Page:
Legends of Awesomeness powers through its episodes, bouncing between, well, awesomeness and shittiness. It has a handle on its villains and their relationships – Fung’s odd relationship with his Crocodile Bandits, Taotie’s relationship with his son Bien Zao, Master Junjie and his jealous antagonism towards Shifu – but not so much on its comic sensibilities or developing the cast outside of Po, Shifu, and Tigress. Monkey has a bit more going for him (we learn he has a brother) and Mantis has a complicated love life, but Crane and Viper are regularly ignored (mostly likely due to animation constraints) – and when they’re given their time in the spotlight, it seems unpolished and graceless. The one episode that we do learn about Viper, “Serpent’s Tooth,” represents everything that is both great and awful about the show, opening up the character but dropping the ball on its theme. “Serpent’s Tooth,” in fact, came dangerously close to representing what it’s like to be a distrusted minority in today’s America, wherein the citizens of the Valley of Peace express their dislike and distrust of snakes after a villainous snake named Fu-Xi attacks some people.

Viper, within her limited roles, has always been portrayed as nice, warm, helpful, and accommodating. The question, of course, is why? Because her kind is looked down upon. It’s thought of as icky, dirty, and dangerous, and even the positive-minded Po can’t help but accidentally express his own negative feelings towards snakes. This leads to the question: how long have snakes been treated like this, like second-class citizens? It looks like a while, but in pure, frustrating Kung Fu Panda fashion, it’s unclear. Still, it explains Viper’s behavior: stay quiet, keep your head down, train and work hard, be nice and detrimental towards everyone, lest people look at you as that “uppity snake.” So the story of another snake causing trouble nearby has everyone casting a cautious eye towards Viper, including the “nice friend” who supposedly was above it all. Watching the first ten minutes of this episode was painful; ask any minority that feeling of outsiderness, of feeling ostracized, of being stereotyped even though you spent your whole life trying to be the good guy, and every moment of anger at this entire situation is automatically looked upon with disdain and fear. You can’t even vent. Kung Fu Panda, once again, approaches greatness.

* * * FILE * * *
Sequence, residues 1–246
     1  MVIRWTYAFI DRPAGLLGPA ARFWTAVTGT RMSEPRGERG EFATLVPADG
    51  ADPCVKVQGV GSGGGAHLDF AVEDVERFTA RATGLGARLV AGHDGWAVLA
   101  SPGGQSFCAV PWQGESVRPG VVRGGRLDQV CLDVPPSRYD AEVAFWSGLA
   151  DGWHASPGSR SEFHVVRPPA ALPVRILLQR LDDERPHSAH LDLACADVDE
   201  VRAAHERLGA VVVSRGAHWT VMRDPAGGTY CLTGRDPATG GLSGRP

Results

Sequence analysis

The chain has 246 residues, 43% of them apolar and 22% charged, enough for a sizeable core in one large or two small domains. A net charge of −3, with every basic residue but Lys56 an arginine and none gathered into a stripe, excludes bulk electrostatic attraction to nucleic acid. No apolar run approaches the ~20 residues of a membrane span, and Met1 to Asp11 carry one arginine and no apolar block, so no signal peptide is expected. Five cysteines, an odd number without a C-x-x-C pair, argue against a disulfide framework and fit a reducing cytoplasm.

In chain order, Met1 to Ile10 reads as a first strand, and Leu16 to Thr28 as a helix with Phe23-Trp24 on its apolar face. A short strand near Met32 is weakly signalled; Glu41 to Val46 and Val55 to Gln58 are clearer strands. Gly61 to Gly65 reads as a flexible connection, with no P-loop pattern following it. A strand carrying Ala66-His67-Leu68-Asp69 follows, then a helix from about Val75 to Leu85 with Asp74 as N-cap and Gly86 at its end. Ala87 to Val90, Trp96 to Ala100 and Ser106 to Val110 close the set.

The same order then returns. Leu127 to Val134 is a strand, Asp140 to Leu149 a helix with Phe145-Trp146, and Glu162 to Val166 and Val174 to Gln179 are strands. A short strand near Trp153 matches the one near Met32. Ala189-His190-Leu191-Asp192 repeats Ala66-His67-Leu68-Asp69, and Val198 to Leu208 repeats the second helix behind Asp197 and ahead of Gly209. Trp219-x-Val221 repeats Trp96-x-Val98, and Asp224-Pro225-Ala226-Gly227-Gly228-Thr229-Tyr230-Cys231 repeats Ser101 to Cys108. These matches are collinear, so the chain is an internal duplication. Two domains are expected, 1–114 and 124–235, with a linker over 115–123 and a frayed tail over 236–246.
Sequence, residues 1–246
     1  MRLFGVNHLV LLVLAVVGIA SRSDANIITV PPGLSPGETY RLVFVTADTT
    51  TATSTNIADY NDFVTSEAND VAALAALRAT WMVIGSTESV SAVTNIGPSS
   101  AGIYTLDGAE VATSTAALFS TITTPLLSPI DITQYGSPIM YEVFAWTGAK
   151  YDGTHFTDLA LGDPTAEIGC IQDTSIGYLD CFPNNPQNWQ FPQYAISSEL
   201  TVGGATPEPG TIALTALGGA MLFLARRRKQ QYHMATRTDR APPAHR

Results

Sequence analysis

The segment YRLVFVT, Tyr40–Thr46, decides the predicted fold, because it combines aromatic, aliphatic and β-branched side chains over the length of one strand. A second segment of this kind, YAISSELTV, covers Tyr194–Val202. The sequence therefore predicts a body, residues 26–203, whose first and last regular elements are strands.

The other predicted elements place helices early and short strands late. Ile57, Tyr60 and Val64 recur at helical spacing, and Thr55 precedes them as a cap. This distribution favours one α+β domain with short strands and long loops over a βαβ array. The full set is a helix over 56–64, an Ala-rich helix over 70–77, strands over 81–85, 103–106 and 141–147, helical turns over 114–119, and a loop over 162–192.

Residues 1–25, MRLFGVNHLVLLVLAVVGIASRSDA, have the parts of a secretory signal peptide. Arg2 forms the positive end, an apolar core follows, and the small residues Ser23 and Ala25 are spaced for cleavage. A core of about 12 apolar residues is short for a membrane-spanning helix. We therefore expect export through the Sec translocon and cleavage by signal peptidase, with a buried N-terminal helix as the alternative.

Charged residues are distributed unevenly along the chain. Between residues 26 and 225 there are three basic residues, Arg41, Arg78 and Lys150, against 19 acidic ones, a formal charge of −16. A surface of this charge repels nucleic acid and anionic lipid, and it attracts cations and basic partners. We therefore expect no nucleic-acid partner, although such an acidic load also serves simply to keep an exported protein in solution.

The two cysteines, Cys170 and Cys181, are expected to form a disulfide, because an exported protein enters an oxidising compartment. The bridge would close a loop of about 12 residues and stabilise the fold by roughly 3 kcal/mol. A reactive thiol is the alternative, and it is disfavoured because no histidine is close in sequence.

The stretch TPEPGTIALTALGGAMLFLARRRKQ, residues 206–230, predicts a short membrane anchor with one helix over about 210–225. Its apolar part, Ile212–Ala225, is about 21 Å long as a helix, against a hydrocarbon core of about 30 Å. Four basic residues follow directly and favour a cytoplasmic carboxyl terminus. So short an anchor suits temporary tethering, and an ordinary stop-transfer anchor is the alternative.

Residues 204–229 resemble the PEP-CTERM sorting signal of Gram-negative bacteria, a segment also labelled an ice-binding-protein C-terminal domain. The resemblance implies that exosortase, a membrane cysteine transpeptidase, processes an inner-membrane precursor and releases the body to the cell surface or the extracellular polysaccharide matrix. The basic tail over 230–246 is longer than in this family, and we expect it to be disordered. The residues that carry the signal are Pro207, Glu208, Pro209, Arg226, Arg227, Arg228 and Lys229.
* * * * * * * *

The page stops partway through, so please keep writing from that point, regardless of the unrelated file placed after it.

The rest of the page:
And once again, it fails it, turning Viper’s daring temptation into the scalie darkside by Fu-Xi’s taunts into an elaborate scheme cooked up by her and Shifu to only pretend to join him. The drama is utterly ruined, Viper is regulated to useful pawn, and while it’s nice to know that Viper’s friendship is genuine and that she is stronger than all the hate and anger spewed at her, it is utterly disappointing that the writers her dropped the ball on something so significant and powerful. Mainly due the fact that we don’t know Viper at all, we don’t really get an accurate look into how Viper feels about everything that happened. I really hope we see more of this in the future, but knowing Kung Fu Panda, we won’t.

Kung Fu Panda’s inability and/or unwillingness to commit to its most potentially dramatic ideas is baffling; it raises the question – why bother bringing aboard such ideas at all? Kung Fu Panda could certainly coast its way through a heavily pratfall-centric premise, filled with obvious silent scenes disguised as comic awkward pauses, masking the need to kill precious minutes. But it clearly loves its source, with its fascination of giddy, Jackie-Chan-esque fight scenes and its pointed need to open up its casts’ history and relationships – only to shut it down with a sudden “NAH!” This back-and-forth between juvenile absurdity and heavy pathos makes Kung Fu Panda a frustrating experience, surging between the highs and lows of what animated TV can offer.

We most likely will not see any more Kung Fu Panda entertainment until the third movie comes out, slated for 2015. Nick will probably continue more episodes then, interspersed with three more chapters to the Kung Fu Panda film franchise that will be released in the next ten years or so. With all these potential stories coming our way, I doubt Kung Fu Panda will really grasp the full potential of its franchise, continuing to be both the best AND worst franchise in modern entertainment. “Ska-doosh,” I guess.